People do change their beliefs about conspiracy theories—but not often, says study

People do change their beliefs about conspiracy theories—but not often, says study

Plot of trajectories over time. Panels display percentage of participants in each trajectory group (columns), for each item (rows). Plotted lines represent agreement with item over time for individual participants. Credit: Scientific Reports (2024). DOI: 10.1038/s41598-024-51653-z

From 9/11 to COVID, researchers including La Trobe University’s Dr. Mathew Marques, Senior Lecturer in Psychology, surveyed just shy of 500 Australians and New Zealanders over the course of six months to determine whether people change their minds frequently or stick tenaciously to their beliefs, regardless of what evidence they come across.

The participants were presented with 12 theories related to claims about events that are ongoing or occurred this millennium including, the September 11 attacks “caused by controlled demolitions arranged by U.S. government insiders,” the rollout of 5G telecommunications technology, chemtrails and the 2020 U.S. Presidential election.

The study is published in the journal Scientific Reports.

Dr. Marques said most participants tended to disagree with the presented theories however, there were some consistent believers in the sample and a small proportion whose beliefs fluctuated.

“I think the notable finding from our study revealed that for every conspiracy theory, there was also a small proportion of converts,” Dr. Marques said.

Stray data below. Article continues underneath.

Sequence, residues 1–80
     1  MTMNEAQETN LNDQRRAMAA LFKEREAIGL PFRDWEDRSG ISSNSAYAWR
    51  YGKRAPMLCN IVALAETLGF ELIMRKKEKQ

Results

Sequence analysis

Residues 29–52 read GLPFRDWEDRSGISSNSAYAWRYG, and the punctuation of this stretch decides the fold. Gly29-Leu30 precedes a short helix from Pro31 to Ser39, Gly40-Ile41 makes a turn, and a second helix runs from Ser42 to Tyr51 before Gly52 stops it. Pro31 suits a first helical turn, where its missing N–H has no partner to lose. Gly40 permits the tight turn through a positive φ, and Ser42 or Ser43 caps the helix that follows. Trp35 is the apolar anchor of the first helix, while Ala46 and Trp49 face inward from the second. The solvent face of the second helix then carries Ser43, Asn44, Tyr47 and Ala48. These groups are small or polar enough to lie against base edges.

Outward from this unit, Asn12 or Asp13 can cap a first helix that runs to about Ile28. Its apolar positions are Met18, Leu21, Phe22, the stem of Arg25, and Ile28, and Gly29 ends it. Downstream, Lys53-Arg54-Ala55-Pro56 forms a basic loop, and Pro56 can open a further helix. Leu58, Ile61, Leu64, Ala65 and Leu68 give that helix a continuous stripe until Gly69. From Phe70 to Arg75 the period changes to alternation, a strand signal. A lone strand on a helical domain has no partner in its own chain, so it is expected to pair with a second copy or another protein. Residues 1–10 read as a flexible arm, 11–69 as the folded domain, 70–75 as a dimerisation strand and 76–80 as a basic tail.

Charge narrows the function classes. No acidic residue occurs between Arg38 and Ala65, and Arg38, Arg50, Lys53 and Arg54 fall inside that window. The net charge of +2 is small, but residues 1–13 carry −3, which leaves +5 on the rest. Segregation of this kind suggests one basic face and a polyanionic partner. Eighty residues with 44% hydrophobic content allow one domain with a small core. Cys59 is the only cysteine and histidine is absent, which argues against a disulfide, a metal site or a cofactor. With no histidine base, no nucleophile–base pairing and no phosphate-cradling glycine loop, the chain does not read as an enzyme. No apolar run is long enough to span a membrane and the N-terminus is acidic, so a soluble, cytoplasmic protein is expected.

“They disagreed with the theory at the start of the study but agreed with it by the end. There was also a small group of apostates, that is people who agreed with the theory at the start but later changed their mind.

“Overall, however, the percentages of converts and apostates were offset, leaving the proportion of believers fairly stable over time.”

The study’s most popular unwarranted conspiracy theory was that “ have suppressed a cure for cancer to protect their profits,” with 18% of the sample group agreeing when first asked.

Only 2% of the sample agreed that “COVID-19 vaccines contain microchips to monitor and control people,” resulting in the least popular theory.

This was despite the occurring in 2021, during the tumultuous second year of the COVID pandemic, where lockdowns and mandates were still happening in both Australia and New Zealand and anti-government sentiment was building.

“It takes a fairly big event, crisis or change to someone’s life or circumstances to push people to believe in something counter to what they believed already,” Dr. Marques argued.

The study highlighted that explanations for believing conspiracy theories must consider why belief levels differ significantly among individuals rather than within.

“People developing beliefs in a succession of conspiracy theories are often characterized as falling down a ‘rabbit hole’—a reference to Lewis Carroll’s Alice’s Adventures in Wonderland,” Dr. Marques concluded.

“While it’s possible that does happen for a small number of people, our results suggest this isn’t a typical experience.

“For most, the journey into (or out of) belief might involve a more gradual slope. A bit, perhaps, like a real rabbit warren.”

More information:
Matt N. Williams et al, People do change their beliefs about conspiracy theories—but not often, Scientific Reports (2024). DOI: 10.1038/s41598-024-51653-z

People do change their beliefs about conspiracy theories—but not often, says study (2024, February 19)
retrieved 27 February 2024

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